The proposed total allowable catches (TACs) are based on the best available peer-reviewed scientific advice from the International Council on the Exploration of the Seas (ICES) and follow the Baltic multiannual management plan adopted in 2016 by the European Parliament and the Council. As regards western Baltic cod, western Baltic herring and salmon, the Commission will update its proposal once the relevant scientific advice will be available (expected by mid-September).
For eastern Baltic cod, the Commission proposes to maintain the TAC level and all the accompanying measures from the 2021 fishing opportunities. Despite the measures taken since 2019, when scientists first alarmed about the very poor status of the stock, the situation has not yet improved.
For western Baltic cod the scientific advice from the International Council on the Exploration of the Seas (ICES) is postponed to mid-September, and the Commission will update its proposal accordingly. However, since it seems unlikely that the stock has developed favourably, the Commission proposes already now to maintain the spawning closure. It also proposes to maintain all accompanying measures in the eastern part of the catch area, given the predominance of eastern Baltic cod in that area.
The stock size of western Baltic herring remains below safe biological limits and scientists advise for the fourth year in a row to stop catching western herring. The Commission, therefore, proposes to close the directed fishery and set a TAC limited to unavoidable by-catches, whose level the Commission will propose at a later stage, as ICES is currently not in a position to provide sufficient scientific data.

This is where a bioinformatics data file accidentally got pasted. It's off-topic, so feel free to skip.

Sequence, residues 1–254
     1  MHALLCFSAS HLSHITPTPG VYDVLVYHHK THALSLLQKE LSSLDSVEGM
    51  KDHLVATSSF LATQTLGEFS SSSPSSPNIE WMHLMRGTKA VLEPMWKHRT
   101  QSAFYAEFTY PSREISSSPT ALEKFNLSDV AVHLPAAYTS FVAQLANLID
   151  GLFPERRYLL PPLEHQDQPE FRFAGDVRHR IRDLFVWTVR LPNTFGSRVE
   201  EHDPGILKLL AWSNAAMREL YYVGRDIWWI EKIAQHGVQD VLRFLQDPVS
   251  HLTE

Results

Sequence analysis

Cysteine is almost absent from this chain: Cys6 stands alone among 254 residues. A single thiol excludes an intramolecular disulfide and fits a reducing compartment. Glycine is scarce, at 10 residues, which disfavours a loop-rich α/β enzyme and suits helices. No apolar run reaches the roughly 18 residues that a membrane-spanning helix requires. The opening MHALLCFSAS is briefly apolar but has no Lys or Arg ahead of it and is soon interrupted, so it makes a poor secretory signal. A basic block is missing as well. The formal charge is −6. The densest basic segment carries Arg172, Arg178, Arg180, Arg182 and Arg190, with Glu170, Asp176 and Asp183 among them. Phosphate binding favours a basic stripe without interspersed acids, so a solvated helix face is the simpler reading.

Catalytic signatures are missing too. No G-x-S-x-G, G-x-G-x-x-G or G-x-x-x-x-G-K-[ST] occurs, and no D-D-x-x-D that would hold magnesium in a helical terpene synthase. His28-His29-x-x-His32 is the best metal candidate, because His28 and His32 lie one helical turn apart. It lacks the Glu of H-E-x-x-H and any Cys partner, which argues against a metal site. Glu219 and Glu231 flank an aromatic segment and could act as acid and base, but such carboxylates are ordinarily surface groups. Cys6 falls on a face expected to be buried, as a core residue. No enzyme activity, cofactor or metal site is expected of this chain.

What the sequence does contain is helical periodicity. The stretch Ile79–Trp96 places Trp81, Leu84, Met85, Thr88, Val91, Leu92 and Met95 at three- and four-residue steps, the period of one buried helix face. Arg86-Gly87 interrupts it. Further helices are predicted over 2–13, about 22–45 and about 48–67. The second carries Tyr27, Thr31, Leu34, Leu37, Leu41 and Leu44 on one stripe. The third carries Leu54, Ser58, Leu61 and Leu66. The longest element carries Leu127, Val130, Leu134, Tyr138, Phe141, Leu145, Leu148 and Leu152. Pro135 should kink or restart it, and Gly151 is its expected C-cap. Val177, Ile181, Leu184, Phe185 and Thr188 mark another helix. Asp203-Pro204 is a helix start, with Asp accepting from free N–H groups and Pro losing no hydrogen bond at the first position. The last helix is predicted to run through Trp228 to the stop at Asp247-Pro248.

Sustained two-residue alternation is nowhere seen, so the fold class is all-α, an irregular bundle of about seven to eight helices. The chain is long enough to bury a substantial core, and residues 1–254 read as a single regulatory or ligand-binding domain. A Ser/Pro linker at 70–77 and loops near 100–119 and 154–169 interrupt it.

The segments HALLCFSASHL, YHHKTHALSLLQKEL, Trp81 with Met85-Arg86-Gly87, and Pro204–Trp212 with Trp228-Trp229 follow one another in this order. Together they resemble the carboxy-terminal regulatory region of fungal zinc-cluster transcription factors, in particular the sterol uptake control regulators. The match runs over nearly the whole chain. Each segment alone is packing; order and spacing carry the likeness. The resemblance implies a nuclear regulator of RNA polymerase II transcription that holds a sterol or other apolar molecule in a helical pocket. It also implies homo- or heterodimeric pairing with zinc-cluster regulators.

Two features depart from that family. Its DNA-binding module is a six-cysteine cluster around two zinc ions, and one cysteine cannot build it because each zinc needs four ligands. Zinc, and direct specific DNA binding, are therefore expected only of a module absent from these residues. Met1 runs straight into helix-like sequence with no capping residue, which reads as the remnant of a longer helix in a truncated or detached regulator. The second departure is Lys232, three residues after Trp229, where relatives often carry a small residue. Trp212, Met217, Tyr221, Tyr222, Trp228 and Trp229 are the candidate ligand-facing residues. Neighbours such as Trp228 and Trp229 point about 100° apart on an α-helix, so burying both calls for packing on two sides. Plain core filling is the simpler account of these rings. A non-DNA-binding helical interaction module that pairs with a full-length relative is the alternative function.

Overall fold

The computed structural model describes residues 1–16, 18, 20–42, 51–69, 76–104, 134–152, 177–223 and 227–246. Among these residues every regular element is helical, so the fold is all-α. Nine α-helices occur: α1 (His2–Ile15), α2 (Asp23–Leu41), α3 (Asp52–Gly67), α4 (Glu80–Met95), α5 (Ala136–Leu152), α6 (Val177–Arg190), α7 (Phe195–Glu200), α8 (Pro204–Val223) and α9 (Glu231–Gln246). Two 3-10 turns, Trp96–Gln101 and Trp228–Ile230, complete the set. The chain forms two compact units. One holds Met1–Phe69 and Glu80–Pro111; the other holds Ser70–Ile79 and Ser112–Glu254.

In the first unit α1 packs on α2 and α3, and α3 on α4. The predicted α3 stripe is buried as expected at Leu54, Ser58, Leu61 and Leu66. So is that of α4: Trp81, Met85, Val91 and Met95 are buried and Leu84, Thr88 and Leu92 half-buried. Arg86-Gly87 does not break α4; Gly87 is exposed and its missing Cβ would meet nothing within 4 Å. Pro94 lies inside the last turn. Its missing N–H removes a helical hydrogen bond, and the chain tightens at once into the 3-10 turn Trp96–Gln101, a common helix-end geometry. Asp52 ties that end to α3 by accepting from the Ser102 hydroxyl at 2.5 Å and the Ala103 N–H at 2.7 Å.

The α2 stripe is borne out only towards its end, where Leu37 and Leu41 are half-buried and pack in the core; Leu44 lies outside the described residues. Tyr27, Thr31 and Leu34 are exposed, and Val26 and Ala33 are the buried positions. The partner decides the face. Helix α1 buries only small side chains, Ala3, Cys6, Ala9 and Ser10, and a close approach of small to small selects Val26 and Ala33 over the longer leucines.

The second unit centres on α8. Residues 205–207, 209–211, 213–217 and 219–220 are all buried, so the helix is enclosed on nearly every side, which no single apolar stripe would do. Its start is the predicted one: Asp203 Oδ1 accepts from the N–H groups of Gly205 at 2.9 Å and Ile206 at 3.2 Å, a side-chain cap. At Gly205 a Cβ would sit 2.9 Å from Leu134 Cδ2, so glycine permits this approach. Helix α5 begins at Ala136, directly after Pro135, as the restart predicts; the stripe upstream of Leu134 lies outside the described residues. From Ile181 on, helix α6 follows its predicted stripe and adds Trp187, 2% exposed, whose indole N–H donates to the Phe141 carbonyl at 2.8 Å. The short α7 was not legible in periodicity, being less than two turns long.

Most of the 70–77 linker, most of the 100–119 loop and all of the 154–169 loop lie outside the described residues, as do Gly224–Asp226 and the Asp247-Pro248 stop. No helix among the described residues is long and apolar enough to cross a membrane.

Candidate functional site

For central Baltic herring, the Commission proposes a reduction of 54% in line with the ICES advice, because the stock size has dropped very close to the limit below which the stock is not sustainable. In line with the ICES advice, the Commission proposes to decrease the TAC level for herring in the Gulf of Bothnia by 5%, while the situation for Riga herring allows for an increase of the TAC by 21%.
While the ICES advice would allow for an increase, the Commission remains cautious, mainly to protect cod – which is an unavoidable by-catch in plaice fisheries as currently conducted. It therefore proposes to maintain the TAC level unchanged.
Similarly to plaice, the ICES advice for sprat would allow for an increase. The Commission however advises prudence and proposes to maintain the TAC level unchanged. This is because sprat and herring are caught in mixed fisheries and the TAC for central Baltic herring has to be reduced again significantly. Moreover, sprat is a prey species for cod, which is not in a good condition.
ICES has postponed its scientific advice for salmon to mid-September. The Commission will update its proposal accordingly. A special advice from ICES of April 2020 already provides information about the issues affecting these stocks, pointing to the fact that the MSY objective cannot be achieved for all salmon river stocks if the commercial and recreational mixed-stock sea fisheries are continued at current levels.
The Council will examine the Commission’s proposal in view of adopting it during a Ministerial meeting on 11-12 October.